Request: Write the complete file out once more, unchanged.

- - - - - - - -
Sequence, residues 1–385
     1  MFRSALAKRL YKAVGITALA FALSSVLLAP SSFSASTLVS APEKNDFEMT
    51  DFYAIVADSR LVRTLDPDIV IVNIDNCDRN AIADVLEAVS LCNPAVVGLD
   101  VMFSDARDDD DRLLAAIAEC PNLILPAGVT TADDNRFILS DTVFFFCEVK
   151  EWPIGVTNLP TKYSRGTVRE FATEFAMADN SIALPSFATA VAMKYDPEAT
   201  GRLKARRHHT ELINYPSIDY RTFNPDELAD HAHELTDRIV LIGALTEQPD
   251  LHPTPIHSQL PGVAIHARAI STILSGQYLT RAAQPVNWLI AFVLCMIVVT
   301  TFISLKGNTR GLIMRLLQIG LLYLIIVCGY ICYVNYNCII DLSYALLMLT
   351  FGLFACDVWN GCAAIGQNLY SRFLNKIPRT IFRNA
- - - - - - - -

Sequence, residues 1–385
     1  MFRSALAKRL YKAVGITALA FALSSVLLAP SSFSASTLVS APEKNDFEMT
    51  DFYAIVADSR LVRTLDPDIV IVNIDNCDRN AIADVLEAVS LCNPAVVGLD
   101  VMFSDARDDD DRLLAAIAEC PNLILPAGVT TADDNRFILS DTVFFFCEVK
   151  EWPIGVTNLP TKYSRGTVRE FATEFAMADN SIALPSFATA VAMKYDPEAT
   201  GRLKARRHHT ELINYPSIDY RTFNPDELAD HAHELTDRIV LIGALTEQPD
   251  LHPTPIHSQL PGVAIHARAI STILSGQYLT RAAQPVNWLI AFVLCMIVVT
   301  TFISLKGNTR GLIMRLLQIG LLYLIIVCGY ICYVNYNCII DLSYALLMLT
   351  FGLFACDVWN GCAAIGQNLY SRFLNKIPRT IFRNA